Worth Reading–October 28, 2011
I found this article from Nathan Busenitz to be really helpful. Taking verses out of context is a huge problem in modern Christianity. This is a great reminder of what a very popular verse actually means.
I Can Do All Things
By Nathan Busenitz
In today’s post, I would like to briefly consider one of the most well-known and often-quoted verses in the New Testament. In fact, it is one of the most popular verses in American evangelical culture today.
It has been printed on posters and inspirational wall art. A quick internet search reveals that you can buy key chains, rings, buttons, t-shirts, stickers, postcards, bracelets, handbags, and other Christianized trinkets with the words of this verse emblazoned, embroidered, or embossed upon them.
This verse even gained some notoriety among college football fans a couple years ago when a championship quarterback and Heisman trophy winner sported the verse on the glare-reducing strips he wore under his eyes.
But the irony is that, by taking this verse out of context, many people have actually turned it on its head—making it mean the opposite of what it actually means. They have turned it into a slogan of personal empowerment—a declaration of self-achievement, ambition, and accomplishment. For many, this verse has been trivialized into some sort of motivating motto for material prosperity, career advancement, or athletic success.
But in reality it is nothing of the sort.
By now, you may have guessed that the verse I am describing is Philippians 4:13. There, the Apostle Paul writes, “I can do all things through Him who strengthens me.”
Now, if we read Philippians 4:13 in isolation, apart from its context, it’s possible to see why so many take it as a declaration of personal empowerment.
Out of context, the “all things” seems like it could refer to whatever someone might want to accomplish—from winning a football game to losing weight to getting a new job to gaining material wealth. Out of context, it is often treated like a spiritual boost of self-confidence that can be applied to any ambition or aspiration in life.
But in context this verse has a very specific, defined meaning—one that most Americans don’t want to hear about, but one that is very important for us to remember as believers.
Out of context, Philippians 4:13 is used as a blank-check promise for whatever is desired. But in context, it is a verse is about contentment. It’s not about your dreams coming true or your goals being met. Rather it’s about being joyful, satisfied, and steadfast even when life is hard and your circumstances seem impossible.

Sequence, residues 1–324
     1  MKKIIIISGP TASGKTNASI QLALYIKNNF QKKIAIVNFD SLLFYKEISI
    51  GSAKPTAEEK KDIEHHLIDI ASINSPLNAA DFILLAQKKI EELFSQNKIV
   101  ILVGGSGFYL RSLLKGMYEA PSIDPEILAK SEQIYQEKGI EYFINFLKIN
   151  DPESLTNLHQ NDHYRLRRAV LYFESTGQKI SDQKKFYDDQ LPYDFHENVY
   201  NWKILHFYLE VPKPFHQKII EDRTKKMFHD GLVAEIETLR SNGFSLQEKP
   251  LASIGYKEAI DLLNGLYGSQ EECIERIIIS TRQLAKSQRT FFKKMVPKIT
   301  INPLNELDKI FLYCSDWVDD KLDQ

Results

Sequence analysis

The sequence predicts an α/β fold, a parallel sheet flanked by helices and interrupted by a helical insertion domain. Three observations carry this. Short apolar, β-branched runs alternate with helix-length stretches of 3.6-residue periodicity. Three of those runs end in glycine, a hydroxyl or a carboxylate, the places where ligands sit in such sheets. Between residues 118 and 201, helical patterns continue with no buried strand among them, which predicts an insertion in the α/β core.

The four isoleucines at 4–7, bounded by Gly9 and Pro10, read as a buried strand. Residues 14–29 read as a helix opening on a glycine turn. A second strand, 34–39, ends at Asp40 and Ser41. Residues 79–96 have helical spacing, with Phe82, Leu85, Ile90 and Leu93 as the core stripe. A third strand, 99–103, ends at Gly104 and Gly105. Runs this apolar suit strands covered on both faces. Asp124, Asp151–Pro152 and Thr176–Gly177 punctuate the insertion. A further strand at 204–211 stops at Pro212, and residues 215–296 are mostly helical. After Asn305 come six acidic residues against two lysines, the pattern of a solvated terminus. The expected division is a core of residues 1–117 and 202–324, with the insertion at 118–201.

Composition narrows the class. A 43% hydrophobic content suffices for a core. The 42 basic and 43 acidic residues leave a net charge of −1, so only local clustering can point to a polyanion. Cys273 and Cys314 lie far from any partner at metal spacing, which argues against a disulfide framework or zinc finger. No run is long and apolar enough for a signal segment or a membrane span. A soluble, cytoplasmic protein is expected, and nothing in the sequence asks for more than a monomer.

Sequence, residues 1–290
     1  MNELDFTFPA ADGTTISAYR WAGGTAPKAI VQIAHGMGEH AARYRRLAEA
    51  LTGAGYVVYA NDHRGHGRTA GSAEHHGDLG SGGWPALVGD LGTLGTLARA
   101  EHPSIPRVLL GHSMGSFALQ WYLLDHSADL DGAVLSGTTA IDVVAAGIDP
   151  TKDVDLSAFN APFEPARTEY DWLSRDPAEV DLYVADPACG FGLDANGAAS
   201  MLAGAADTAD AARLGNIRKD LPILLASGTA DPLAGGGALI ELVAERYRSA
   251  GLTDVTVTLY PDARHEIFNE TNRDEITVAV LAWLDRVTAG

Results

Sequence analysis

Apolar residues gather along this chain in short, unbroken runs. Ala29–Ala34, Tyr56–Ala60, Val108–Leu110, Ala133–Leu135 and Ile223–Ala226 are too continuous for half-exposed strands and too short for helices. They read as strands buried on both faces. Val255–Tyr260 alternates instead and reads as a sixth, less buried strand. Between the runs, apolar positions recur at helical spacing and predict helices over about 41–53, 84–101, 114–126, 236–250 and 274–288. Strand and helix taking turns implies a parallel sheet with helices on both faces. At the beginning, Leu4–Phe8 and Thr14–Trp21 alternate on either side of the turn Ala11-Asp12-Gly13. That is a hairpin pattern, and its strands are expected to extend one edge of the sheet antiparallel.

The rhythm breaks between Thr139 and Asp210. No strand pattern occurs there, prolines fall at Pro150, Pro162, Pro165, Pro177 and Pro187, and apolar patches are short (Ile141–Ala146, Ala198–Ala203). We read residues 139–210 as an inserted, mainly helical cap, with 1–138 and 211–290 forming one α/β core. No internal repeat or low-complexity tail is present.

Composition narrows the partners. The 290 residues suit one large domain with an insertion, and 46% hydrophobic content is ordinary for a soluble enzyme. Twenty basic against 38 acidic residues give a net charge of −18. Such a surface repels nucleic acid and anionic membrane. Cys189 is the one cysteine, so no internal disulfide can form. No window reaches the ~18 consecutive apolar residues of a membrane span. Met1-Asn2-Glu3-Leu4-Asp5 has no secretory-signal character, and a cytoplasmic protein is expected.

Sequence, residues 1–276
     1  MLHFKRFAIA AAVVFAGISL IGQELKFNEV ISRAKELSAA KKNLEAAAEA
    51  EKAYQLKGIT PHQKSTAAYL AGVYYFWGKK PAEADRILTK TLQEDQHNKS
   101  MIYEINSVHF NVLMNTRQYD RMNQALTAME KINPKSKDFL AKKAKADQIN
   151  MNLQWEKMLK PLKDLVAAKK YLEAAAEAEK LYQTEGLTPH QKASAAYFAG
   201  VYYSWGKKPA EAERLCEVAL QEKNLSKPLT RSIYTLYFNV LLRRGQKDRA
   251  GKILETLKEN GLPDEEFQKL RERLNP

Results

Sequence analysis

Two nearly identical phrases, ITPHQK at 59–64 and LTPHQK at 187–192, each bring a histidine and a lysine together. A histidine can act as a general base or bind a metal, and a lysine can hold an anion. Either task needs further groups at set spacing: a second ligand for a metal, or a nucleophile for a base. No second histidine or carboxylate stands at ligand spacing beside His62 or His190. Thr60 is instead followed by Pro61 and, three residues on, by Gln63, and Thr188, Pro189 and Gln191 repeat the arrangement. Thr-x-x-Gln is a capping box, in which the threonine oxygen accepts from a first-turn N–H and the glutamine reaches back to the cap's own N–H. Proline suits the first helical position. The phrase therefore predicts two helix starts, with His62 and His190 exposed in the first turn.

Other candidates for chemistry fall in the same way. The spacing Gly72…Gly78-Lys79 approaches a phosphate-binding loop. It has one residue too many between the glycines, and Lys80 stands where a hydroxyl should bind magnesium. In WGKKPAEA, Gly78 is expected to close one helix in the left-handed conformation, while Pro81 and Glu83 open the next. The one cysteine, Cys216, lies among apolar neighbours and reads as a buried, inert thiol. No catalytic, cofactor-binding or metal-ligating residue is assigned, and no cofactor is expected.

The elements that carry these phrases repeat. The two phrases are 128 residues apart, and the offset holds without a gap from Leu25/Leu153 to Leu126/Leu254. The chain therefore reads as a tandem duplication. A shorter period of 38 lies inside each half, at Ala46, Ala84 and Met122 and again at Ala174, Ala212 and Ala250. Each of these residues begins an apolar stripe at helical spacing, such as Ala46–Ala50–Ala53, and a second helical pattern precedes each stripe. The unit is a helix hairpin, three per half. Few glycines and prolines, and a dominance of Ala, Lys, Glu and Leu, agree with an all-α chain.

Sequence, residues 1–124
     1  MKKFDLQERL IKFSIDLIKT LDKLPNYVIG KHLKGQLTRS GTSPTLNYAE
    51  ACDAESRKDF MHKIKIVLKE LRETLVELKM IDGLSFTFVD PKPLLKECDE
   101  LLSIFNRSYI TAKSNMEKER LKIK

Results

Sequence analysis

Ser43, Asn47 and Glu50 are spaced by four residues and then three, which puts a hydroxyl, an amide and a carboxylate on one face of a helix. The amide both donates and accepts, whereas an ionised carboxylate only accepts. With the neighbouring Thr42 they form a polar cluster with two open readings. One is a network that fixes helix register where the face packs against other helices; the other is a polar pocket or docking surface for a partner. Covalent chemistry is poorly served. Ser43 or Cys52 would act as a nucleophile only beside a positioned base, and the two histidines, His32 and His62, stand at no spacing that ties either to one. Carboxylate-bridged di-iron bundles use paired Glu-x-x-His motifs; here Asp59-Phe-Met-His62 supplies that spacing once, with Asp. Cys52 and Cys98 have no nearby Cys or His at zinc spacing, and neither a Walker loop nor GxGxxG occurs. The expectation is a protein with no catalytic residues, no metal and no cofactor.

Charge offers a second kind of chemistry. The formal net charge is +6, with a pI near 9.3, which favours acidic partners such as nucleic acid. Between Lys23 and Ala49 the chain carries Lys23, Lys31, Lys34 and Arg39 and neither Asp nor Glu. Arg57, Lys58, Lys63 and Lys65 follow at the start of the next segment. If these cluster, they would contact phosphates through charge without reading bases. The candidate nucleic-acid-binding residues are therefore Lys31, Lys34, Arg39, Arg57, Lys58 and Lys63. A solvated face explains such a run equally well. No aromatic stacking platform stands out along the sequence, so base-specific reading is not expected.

You see, this verse is not about winning the football game; it’s about how you respond when you lose the football game, or get injured for the season, or fail to make the team altogether. It’s not about getting that new job, that new house, or that new outfit; it’s about finding your satisfaction in the job you already have, in the house you already own, and in the wardrobe already hanging in your closet.
This is not a verse about being empowered to change your circumstances; rather, it is a verse about relying on God’s power in order to be content in the midst of circumstances you can’t change.
Consider, for just a moment, the context of Philippians 4:13. Writing to the believers in Philippi, Paul says:
(10) But I rejoiced in the Lord greatly, that now at last you have revived your concern for me; indeed, you were concerned before, but you lacked opportunity.
(11) Not that I speak from want, for I have learned to be content in whatever circumstances I am.
(12) I know how to get along with humble means, and I also know how to live in prosperity; in any and every circumstance I have learned the secret of being filled and going hungry, both of having abundance and suffering need.
(13) I can do all things through Him who strengthens me.
You can see there, that when the apostle says, I can do all things through Him who strengthens me, he is speaking about contentment. In any circumstance, he had learned to be content by depending on Christ who gave him the strength to persevere in any situation.
And that is a perspective that we are called to emulate. In fact, if you look at verse 9, right before the verses cited above, Paul says:
(9) The things you have learned and received and heard and seen in me, practice these things, and the God of peace will be with you.
He tells his readers to follow his example, and then he immediately talks about contentment. Clearly, the attitude that Paul possessed is one that should characterize us as well.